The main focus of GB was always going to be the Olympics and doing well at them. It had to be, if we didn't get there - and certainly for the women is was far from guaranteed - the funding would've ended instantly. If we stunk at the Olympics the funding was likely to disappear. If they drastically cut the funding now, and don't give us a chance of build on what's been achieved over the last six years, that money really was wasted. But more really could have been done to build towards the future.
The "GB Futures" programme was pretty big in 2010 running in tandem with an England programme and gave the next generation a lot of international experience. But, with our place in London confirmed in March 2011, the last two summers have seen it shrink to the point that it barely seems worthwhile. It should be a big part of the GB set-up, running alongside the U-20 team, preferably with the same coaching staff. As it was, Finch did the job for a year, GB made a big deal about development, then appeared to forget all about it because hthey'd been given the berths. Still, that's better than the women's development programme, that consisted of playing in the World Student Games and then forgetting all about it. The England programme that was supposed to form part of it, never happened, either.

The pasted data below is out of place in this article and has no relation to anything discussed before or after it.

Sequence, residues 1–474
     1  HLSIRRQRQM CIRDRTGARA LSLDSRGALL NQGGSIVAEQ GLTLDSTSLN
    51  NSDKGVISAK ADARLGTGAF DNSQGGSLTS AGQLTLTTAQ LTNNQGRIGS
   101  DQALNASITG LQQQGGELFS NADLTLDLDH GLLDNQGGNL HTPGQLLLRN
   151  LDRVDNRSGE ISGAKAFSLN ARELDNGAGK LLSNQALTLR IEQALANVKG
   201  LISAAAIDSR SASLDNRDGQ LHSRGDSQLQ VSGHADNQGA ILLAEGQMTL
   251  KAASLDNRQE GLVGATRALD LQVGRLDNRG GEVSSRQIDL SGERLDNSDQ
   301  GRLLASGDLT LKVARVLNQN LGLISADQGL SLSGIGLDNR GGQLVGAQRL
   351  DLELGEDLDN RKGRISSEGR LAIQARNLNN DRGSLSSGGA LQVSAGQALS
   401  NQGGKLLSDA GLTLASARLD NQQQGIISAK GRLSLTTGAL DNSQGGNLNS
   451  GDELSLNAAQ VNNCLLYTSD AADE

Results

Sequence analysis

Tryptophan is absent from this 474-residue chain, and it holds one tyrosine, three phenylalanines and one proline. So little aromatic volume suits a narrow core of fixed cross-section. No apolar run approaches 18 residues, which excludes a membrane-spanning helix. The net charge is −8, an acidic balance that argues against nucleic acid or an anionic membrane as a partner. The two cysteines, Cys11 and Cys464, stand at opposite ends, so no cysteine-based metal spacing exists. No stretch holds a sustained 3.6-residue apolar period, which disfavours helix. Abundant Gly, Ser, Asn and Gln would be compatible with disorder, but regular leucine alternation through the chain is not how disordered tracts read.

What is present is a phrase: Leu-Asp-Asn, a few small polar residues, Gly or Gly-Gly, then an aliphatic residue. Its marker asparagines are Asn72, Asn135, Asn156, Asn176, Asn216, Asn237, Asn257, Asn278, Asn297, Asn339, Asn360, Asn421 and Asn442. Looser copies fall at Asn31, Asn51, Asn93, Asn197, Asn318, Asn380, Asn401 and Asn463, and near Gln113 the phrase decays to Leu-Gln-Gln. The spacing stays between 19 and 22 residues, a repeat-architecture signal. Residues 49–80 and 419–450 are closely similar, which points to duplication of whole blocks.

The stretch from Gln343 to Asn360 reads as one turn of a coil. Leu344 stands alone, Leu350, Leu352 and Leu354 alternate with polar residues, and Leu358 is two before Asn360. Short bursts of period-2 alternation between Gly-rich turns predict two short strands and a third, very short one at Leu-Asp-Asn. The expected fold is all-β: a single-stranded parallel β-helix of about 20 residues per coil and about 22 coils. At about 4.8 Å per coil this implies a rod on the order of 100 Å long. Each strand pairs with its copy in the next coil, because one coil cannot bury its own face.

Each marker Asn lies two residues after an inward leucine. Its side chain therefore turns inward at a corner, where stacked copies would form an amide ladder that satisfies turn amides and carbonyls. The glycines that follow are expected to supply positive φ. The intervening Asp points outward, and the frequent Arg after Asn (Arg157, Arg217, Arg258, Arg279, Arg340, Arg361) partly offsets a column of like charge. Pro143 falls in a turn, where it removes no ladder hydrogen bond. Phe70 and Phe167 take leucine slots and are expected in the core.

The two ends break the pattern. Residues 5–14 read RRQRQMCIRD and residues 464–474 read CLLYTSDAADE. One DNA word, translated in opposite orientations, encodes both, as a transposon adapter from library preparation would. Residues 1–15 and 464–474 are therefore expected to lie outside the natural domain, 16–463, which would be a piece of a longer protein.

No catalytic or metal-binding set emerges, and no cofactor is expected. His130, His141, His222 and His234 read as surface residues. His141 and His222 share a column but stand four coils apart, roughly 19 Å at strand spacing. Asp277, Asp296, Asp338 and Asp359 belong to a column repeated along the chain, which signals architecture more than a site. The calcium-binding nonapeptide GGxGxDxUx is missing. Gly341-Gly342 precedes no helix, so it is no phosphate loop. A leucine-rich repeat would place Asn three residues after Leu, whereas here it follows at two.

The under-20 men have been poor throughout the six years, they haven't really progressed from the hastily recruited team that Jeff Jones put together when England Basketball ran the programme in the first year. Tim Lewis was given far longer than a coach of one of the senior sides would have been allowed with such failure. It's as if they didn't really care.
And, without raking up the whole Devon van Oostrum saga (and there's definitely more to that than we've heard) , to not even name him on the reserve list when GB were so top heavy with big men, didn't exactly show any forward thinking.
There's been little in the way of coaching development. By this summer - the key point in the programme - all four teams are coached by foreign coaches, with their lead assistant a non-Brit as well. Whatever happened to Tony Garbelotto? Shouldn't there have been a British assistant coach for the men being groomed for the big job when Finch moved on? Damian Jennings is the obvious candidate for the women, but there's still every chance next year that (at least) three of the four head coaches will be non-Brits. Although I'm beginning to turn into John Amaechi, that's a pretty damning indictment after six years.